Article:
can find or catch.) This fear induced coma can last anywhere from 40 minutes to 4 hours
and most predators, when confronted with an opossum in a coma, assume that it is dead,
and rather than eat what they assume to be carrion, loose interest and abandon their attack.
Thus arises the term "playing possum". The coma, however, is also the reason why so
many opossum are found lying dead along the side of the road. When frightened by an
approaching car, rather than scurry away, an opossum will often fall into this fear induced
coma, and if striken on the actual roadway, the results can be quite fatal. Very few opossum
actually live to adulthood and even if they do, their average life span is only one to two
So what did I learn on May 6th, 2006? I learned to have a whole new respect for this
fascinating, and what I believe to be, beautiful, gentle creature.
For additional information, visit NatureWorks and the The Wildlife Rescue League's articles
Greg and I met this bullfrog on our morning walk of July 7, 2006. He was sitting on the gravel
road beside the first field. I stroked his back and he just sat there, not moving. I thought he might
have been dead, but then all of a sudden he jumped. One kick of his legs and he was about six
feet down the road. This time, when I approached, he hopped off into the woods on the other side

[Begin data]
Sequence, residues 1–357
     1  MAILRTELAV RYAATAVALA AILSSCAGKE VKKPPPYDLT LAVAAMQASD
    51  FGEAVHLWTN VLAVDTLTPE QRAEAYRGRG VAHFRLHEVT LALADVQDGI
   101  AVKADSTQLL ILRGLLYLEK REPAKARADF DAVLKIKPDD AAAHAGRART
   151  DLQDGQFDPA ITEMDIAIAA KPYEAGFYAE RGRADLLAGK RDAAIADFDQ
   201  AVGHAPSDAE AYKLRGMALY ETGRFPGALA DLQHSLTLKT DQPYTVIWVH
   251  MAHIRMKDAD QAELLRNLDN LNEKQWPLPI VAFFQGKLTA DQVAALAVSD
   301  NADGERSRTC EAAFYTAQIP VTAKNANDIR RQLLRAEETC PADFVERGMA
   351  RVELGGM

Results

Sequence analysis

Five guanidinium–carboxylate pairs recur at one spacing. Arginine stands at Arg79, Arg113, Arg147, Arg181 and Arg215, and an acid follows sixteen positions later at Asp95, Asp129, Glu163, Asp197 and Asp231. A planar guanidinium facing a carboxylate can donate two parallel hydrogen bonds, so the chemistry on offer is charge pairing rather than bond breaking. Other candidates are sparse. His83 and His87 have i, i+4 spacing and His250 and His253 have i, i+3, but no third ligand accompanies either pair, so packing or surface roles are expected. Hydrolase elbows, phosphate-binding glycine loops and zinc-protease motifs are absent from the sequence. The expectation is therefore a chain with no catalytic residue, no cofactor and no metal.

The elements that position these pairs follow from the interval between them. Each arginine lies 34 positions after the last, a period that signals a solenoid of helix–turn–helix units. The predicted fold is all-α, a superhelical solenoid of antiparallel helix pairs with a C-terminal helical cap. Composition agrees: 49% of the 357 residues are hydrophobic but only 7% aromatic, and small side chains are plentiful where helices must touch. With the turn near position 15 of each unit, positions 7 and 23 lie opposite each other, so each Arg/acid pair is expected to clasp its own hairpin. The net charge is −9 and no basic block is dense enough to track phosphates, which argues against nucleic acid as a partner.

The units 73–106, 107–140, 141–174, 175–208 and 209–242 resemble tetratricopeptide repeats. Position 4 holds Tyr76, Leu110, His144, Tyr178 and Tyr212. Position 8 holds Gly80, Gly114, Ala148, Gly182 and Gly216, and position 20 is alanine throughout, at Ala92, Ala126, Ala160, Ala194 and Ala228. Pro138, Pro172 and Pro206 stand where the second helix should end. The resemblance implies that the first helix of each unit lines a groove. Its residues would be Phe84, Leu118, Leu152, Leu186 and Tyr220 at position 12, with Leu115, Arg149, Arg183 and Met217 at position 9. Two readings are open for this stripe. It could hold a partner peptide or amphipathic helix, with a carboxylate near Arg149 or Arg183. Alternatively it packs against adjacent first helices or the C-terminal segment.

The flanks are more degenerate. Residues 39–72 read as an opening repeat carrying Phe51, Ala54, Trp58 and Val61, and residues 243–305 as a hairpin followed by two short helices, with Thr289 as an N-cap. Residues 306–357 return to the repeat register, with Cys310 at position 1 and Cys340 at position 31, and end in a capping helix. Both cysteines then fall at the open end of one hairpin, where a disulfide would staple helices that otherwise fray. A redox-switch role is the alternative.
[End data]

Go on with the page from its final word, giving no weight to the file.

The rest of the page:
of the road from the field.
Bullfrogs are found in most parts of North America and are the largest American frogs, some
growing to over eight inches long, but the fellow that we met was small, barely measuring three
inches from nose to bottom. Bullfrogs spend most of their lives in or near ponds and streams,
rarely travelling long distances on land. The frog that we met was less than one hundred feet
from Straight Creek. Female frogs lay as many as 20,000 eggs near the surface of the water
where the tadpoles can live and grow. I was surprised to learn that the tadpoles grow to be six
inches long and that the tadpole phase lasts two years, after which they morph into a frog that is
only two inches long. I think that the bullfrog that we met was likely a young one, who had recently
morphed out of his tadpole stage. I learned that he would grow slowly, taking several years to
reach an average seven inch length.
A bullfrog's diet is varied. They eat crayfish, worms, baby snakes and turtles, water bugs and
minnows, all of which are abundant at Straight Creek. Bullfrogs are in turn eaten by bass, painted
and snapping turtles, raccoons, owls, heron, hawk and eagle, all of which we have seen in the
creek valley. We claim one Great Blue Heron in particular, as one of our Straight Creek
neighbors. We see the bird almost daily, either flying up the valley or standing in the creek water
near the north edge of our property. I knew that it fished for minnows. Now I know that it looks for
frogs as well. I wonder if the bullfrog that we met on July 7th will grow to be eight inches long or
end up as a meal for some other Straight Creek creature. Greg reminded me that frog's legs can
be fine dining indeed.
I have grown to appreciate the
little birds that keep watch over
my garden. They perch by the
garden's edge and when they
see an edible bug they dart in
and snatch it up. I can always
find this particular bird right next
to the strawberry bed.
Straight Creek Valley Farm